Scrum Sevens
Able deputies
ESPNscrum Staff
May 26, 2011
Wallabies Phil Waugh and George Smith embrace, New Zealand v Australia, Tri-Nations, Eden Park, Auckland, New Zealand, July 18, 2009
Phil Waugh and George Smith embrace prior to a Test against New Zealand in 2009 © Getty Images

Saracens director of rugby Mark McCall revealed this week that one element of his team selection for Saturday's Aviva Premiership was settled playground style. Neil de Kock and Richard Wigglesworth tossed a coin to decide who would start at scrum-half, with the coaches unwilling to choose a favourite at this stage in the season. With their plight in mind, we've selected a few other players who were forced to share the load in Scrum Sevens.

Phil Waugh and George Smith - Australia

Waugh, the Waratahs skipper and for a number of years one of the world's finest flankers, had good reason to be glad when George Smith packed his bags for Toulon last summer, although the exit of his long-time rival did not pave the way to a renewed Test career as he may have hoped. Between 2001 and 2009 Smith played 110 times for the Wallabies and was often cited as the only player on the world stage who could go toe-to-toe with All Blacks skipper Richie McCaw. During a similar timeframe Waugh was capped 79 times. A strong innings, but perhaps not what he could have expected had he been born up north. On a number of occasions the duo were paired in the back-row - notably the 2003 Rugby World Cup Final - but often the nugget Waugh was left in a queue. With the World Cup nearing and his inspirational leadership still a huge factor for New South Wales, we're puzzled as to why he hasn't been drafted back in at Test level. As back-up to David Pocock. It never rains, it pours.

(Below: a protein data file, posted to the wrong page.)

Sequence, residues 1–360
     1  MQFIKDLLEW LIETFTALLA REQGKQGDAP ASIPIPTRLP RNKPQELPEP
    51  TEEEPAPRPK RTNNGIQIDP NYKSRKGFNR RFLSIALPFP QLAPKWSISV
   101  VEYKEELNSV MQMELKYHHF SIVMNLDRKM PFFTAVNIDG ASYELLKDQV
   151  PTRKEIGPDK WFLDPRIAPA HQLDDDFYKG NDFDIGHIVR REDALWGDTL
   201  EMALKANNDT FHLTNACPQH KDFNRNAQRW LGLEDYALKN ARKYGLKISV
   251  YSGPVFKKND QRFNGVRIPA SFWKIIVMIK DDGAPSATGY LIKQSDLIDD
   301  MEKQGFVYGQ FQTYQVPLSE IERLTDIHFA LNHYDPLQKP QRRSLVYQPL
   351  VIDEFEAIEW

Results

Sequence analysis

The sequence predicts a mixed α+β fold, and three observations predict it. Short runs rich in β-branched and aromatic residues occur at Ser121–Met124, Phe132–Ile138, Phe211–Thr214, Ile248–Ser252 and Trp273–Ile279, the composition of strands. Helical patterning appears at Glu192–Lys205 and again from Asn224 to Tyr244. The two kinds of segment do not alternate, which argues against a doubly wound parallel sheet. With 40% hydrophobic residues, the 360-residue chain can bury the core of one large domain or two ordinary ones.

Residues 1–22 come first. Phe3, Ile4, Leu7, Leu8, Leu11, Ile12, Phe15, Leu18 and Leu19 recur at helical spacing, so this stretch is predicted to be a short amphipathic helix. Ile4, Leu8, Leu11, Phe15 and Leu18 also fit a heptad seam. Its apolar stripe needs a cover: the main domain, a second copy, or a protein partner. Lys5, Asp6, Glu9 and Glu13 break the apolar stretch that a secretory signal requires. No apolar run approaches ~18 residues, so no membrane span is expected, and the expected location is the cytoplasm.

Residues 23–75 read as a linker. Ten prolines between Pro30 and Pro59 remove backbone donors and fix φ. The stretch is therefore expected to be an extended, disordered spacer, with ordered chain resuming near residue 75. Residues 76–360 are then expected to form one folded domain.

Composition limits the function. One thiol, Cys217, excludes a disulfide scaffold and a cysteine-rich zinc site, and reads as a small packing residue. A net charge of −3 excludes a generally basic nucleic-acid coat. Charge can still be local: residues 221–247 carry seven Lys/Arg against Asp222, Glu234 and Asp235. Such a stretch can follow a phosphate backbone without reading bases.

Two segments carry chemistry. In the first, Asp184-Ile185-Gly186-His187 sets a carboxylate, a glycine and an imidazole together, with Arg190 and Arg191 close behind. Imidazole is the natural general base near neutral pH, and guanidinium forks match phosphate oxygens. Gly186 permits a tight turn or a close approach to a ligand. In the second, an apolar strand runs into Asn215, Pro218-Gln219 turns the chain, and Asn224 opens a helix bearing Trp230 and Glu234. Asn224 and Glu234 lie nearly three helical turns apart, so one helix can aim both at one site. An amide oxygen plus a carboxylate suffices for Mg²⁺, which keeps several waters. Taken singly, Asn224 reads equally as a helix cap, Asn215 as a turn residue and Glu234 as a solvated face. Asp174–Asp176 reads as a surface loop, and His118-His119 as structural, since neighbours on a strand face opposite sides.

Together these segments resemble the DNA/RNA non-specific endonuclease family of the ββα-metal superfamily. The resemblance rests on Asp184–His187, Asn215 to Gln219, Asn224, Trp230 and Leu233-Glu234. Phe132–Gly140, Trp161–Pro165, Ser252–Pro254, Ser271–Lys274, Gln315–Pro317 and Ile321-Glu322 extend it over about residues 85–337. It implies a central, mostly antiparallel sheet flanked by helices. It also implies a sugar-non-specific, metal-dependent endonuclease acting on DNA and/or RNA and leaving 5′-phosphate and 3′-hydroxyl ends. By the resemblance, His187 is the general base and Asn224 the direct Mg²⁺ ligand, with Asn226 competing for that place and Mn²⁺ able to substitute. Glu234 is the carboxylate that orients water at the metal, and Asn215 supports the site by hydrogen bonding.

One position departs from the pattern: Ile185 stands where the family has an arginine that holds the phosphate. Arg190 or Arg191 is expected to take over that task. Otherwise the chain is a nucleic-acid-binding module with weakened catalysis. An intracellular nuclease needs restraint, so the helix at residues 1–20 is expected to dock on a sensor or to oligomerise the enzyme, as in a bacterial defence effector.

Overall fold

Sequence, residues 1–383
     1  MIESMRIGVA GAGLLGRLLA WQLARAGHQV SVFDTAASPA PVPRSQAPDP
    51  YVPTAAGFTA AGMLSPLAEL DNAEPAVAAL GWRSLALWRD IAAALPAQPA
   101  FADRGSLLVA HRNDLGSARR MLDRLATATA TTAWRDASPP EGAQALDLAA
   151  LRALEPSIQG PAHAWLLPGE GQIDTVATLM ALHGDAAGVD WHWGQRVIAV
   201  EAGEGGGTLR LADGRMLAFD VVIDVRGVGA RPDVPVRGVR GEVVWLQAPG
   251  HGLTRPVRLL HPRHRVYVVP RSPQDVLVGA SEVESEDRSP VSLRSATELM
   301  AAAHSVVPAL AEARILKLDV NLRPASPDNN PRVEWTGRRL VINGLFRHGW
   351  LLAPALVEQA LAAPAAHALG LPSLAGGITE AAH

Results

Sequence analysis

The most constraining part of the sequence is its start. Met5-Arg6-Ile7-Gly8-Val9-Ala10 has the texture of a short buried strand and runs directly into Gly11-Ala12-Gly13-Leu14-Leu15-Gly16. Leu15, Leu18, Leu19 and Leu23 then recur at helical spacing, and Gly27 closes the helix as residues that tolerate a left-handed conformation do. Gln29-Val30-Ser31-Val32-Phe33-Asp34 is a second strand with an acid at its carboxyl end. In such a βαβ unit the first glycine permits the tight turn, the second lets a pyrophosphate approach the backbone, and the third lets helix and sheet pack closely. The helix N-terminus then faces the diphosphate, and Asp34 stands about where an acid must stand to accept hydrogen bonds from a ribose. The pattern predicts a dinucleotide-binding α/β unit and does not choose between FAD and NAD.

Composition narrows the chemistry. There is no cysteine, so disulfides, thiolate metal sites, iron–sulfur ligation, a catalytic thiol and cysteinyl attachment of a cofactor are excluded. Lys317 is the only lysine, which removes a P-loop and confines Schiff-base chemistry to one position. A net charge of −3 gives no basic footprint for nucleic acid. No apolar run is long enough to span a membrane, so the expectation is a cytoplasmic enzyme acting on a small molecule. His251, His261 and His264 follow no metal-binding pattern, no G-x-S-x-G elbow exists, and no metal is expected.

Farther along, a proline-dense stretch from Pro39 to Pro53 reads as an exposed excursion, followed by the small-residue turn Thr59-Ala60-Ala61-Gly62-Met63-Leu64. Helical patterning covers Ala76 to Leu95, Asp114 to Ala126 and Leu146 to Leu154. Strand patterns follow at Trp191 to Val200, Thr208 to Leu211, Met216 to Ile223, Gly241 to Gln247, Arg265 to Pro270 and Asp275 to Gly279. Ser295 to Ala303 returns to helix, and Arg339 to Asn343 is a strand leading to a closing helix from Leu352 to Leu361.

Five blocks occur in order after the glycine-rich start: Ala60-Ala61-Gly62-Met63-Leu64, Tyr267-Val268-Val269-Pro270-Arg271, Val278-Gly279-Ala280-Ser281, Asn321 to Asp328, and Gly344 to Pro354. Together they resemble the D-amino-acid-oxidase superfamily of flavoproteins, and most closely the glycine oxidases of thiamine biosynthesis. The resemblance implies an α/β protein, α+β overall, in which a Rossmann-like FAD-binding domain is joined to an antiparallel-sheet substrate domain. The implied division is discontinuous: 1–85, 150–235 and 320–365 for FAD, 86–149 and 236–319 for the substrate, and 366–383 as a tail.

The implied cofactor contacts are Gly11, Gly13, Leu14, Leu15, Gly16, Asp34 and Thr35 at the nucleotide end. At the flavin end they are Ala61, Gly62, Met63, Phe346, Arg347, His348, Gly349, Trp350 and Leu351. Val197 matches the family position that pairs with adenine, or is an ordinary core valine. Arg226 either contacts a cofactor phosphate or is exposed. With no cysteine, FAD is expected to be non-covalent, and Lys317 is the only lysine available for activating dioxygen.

Girvan Dempsey and Geordan Murphy - Ireland

All too often it has been a case of 'out of sight, out of mind' in the case of Murphy. A prodigiously talented player - with an unfortunate knack of poorly-timed injuries - his status as a living legend at Leicester led to him often holding the door open for Girvan Dempsey, the Leinsterman who was the epitome of solid. Two great players vying for one position is what's known in some quarters as strength in depth, but it's easy to wonder whether the shoe may have been on the other foot had it been Dempsey turning out at Welford Road. He won 82 caps before calling time last year - 11 more that Murphy, whose tally also includes two for the British & Irish Lions.

Ray 'Chico' Hopkins and Gareth Edwards - Wales

For Hopkins, the Maesteg scrum-half tasked with breaking into the Wales side ahead of Gareth Edwards, the toss of a coin for a start would have been a welcome relief. Capped twice, once by Wales against England in 1970 and once by the Lions in New Zealand a year later, both of his caps were as a replacement for Edwards in an age where players only left the field when they'd lost a limb. As the 1970s wore on, Brynmor Williams also learned about life in Edwards' considerable shadow and made his Test bow for the Lions in 1977, when Wales' incumbent had opted out due to work commitments. Williams would also have a battle on his hands when Edwards called it a day in 1978, with the giant Cardiff No.9 Terry Holmes emerging from stage right to snatch the jersey.

Chris Whitaker and George Gregan - Australia